Not exactly repentant

Evangelical pastor Mark Driscoll faces protesters and learns some life lessons.


Rebecca Traister
December 5, 2006 11:15PM (UTC)

Some news from that crazy place where evangelism and feminism intersect: Prominent evangelical leader Mark Driscoll has sort of apologized for comments he made in the wake of the Ted Haggard scandal.

After news of Haggard's affair with a male prostitute broke back in early November, Driscoll, the founder of Seattle's Mars Hill Church, wrote on his blog that some of the blame might rest with Haggard's missus, Gayle. "It is not uncommon to meet pastors' wives who really let themselves go," Driscoll opined. "They sometimes feel that because their husband is a pastor, he is therefore trapped into fidelity, which gives them cause for laziness. A wife who lets herself go and is not sexually available to her husband in the ways that the Song of Songs is so frank about is not responsible for her husband's sin, but she may not be helping him either."

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A bunch of humorless people got all irate about this blame-the-woman stuff and organized a protest, scheduled for Sunday at the Mars Hill Church. Apparently wanting to avoid a messy public showdown, Driscoll has announced that he met with the protesters, and published a limply conciliatory message on his blog.

"A few weeks back, in the wake of the Ted Haggard fall," he wrote, "I posted a blog that I hoped would help young pastors to diminish some of their vulnerability to disqualifying sin. At first, I had joy because many pastors notified me of how helpful they found my comments. But my joy soon faded; one of the quotes in particular that was intended as a general principle was applied specifically to Mrs. Haggard, which I did not intend to have happen in any way."

So, a quick recap: When, in the wake of a pastor's public straying, Driscoll wrote about how a pastor might be prompted to stray by a lazy wife who lets herself go and is not sexually available, he was not referring to the actual straying pastor or his wife. But no one got that, which resulted in a diminishment of joy.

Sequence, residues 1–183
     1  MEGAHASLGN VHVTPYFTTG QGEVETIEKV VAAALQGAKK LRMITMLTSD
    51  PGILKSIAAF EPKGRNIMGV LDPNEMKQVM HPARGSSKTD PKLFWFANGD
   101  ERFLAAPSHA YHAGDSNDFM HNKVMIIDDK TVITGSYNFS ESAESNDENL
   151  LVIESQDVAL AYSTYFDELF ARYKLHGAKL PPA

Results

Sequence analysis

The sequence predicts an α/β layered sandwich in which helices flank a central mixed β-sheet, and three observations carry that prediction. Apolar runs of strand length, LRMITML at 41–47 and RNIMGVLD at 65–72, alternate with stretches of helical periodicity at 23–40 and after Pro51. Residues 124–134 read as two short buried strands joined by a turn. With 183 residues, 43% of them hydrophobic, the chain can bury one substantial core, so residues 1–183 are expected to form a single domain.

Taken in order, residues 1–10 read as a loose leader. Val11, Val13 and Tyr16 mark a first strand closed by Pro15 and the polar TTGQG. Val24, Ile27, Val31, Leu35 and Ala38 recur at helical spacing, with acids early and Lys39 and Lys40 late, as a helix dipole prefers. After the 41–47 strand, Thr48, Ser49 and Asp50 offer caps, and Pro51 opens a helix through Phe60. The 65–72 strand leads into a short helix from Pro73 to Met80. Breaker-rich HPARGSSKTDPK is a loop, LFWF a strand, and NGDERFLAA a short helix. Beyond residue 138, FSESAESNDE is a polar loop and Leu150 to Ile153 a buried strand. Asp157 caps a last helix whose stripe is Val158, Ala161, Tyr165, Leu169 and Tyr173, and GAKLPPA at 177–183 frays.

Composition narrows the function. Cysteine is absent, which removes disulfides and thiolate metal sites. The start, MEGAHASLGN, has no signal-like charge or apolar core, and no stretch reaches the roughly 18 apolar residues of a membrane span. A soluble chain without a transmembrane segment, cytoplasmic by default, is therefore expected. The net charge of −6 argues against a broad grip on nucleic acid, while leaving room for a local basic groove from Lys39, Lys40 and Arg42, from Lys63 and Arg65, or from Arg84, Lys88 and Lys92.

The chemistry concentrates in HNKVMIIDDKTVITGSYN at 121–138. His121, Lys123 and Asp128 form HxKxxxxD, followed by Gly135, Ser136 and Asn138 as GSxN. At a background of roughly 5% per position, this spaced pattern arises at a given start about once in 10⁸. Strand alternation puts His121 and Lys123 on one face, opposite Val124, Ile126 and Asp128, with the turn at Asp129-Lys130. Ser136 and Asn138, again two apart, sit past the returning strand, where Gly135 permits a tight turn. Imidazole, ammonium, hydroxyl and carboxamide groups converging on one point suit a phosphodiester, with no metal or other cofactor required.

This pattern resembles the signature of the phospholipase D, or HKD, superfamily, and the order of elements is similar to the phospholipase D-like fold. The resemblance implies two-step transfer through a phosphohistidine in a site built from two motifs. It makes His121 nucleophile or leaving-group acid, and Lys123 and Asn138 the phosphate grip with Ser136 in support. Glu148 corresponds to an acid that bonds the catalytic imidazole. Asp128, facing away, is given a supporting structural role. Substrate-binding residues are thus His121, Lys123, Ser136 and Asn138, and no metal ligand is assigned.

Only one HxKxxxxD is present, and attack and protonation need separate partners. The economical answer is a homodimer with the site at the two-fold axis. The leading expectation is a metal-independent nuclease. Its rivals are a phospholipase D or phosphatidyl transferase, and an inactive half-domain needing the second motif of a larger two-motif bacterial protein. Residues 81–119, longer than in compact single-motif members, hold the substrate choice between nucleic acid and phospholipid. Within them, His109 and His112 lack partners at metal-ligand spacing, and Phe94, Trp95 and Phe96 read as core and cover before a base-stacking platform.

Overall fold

A result of this simple misunderstanding was that "an online group" of ticked-off joyless people started "combing through seemingly anything and everything that I have ever written or said, seeking statements to fan a fire of protest against me and the church that I pastor."

More background: Sleuthing wizards who applied a super-fine-toothed comb to Driscoll's blog did in fact turn up an August entry in which he took down some Presbyterians thinking of applying gender-inclusive language to the father-son-centric Holy Trinity. "Some chicks and some chickified dudes with limp wrists and minors in 'womyn's studies' are not happy because two persons of the Trinity have a dude-ish ring," wrote Driscoll.

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Then there were the nit-pickers who took their semantic microscope to a Driscoll ditty posted days after his possibly Haggard-related comments, in which he weighed in on the installation of Katharine Jefferts Schori as the head of the Episcopal Church, and her "get over it" retort to dioceses that rejected her election on the grounds that she was female. Using his gift for subtle satire, Driscoll posted the "related news" that "the testosterone levels of male Americans has dropped significantly in the past twenty years," and his speculation that "if Christian males do not man up soon, the Episcopalians may vote a fluffy baby bunny rabbit as their next bishop to lead God's men. When asked for their perspective, some bunny rabbits simply said that they have been discriminated against long enough and that people need to 'Get over it.'"

Driscoll says the protest had him concerned for his safety, and that he was inspired by Billy Graham's biography, in which the evangelist "turn[ed] his most vocal critics into coaches" to meet with his own detractors. (He was also inspired by a call from Haggard's publicist's niece. Money quote: "Through her, God convinced me that I need to hire someone to do what she does.")

On Nov. 30, he sat down with protesters from "mainline and independent churches, megachurches and house churches, male pastors and female pastors, Reformed and Emergent," and spent a few "honest, respectful, and helpful" hours with them. And what he learned was that his "theological convictions, even the most controversial ones, are as unwavering as ever."

Awesome. But his critics also taught him that he has a "responsibility to speak about my convictions in a way that invites other people to experience charity from me, which means inflammatory language and such need to be scaled back." (Note to Driscoll: ix-nay on the "chickified dudes with limp wrists" and "fluffy baby bunny rabbits.") One chick pastor even had "a very good insight": That Driscoll should consider that as an influential leader, his words are being heard both by those who know and understand him and by those who are unfamiliar with his work.

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Right-o. So to sum up: Driscoll still believes that girls are like bunnies and shouldn't run churches, and that some pastors have fugly wives who kick-start their gayness, and that anyone who gives thought to updating religious language probably holds a degree in "womyn's studies." But now, thanks to the time he spent turning his critics into coaches, he understands that he shouldn't use such mean words to say all this stuff. And he's happy that his critics have helped teach him this valuable lesson.

Anytime, buddy. We're in the book.


Rebecca Traister

Rebecca Traister writes for Salon. She is the author of "Big Girls Don't Cry: The Election that Changed Everything for American Women" (Free Press). Follow @rtraister on Twitter.

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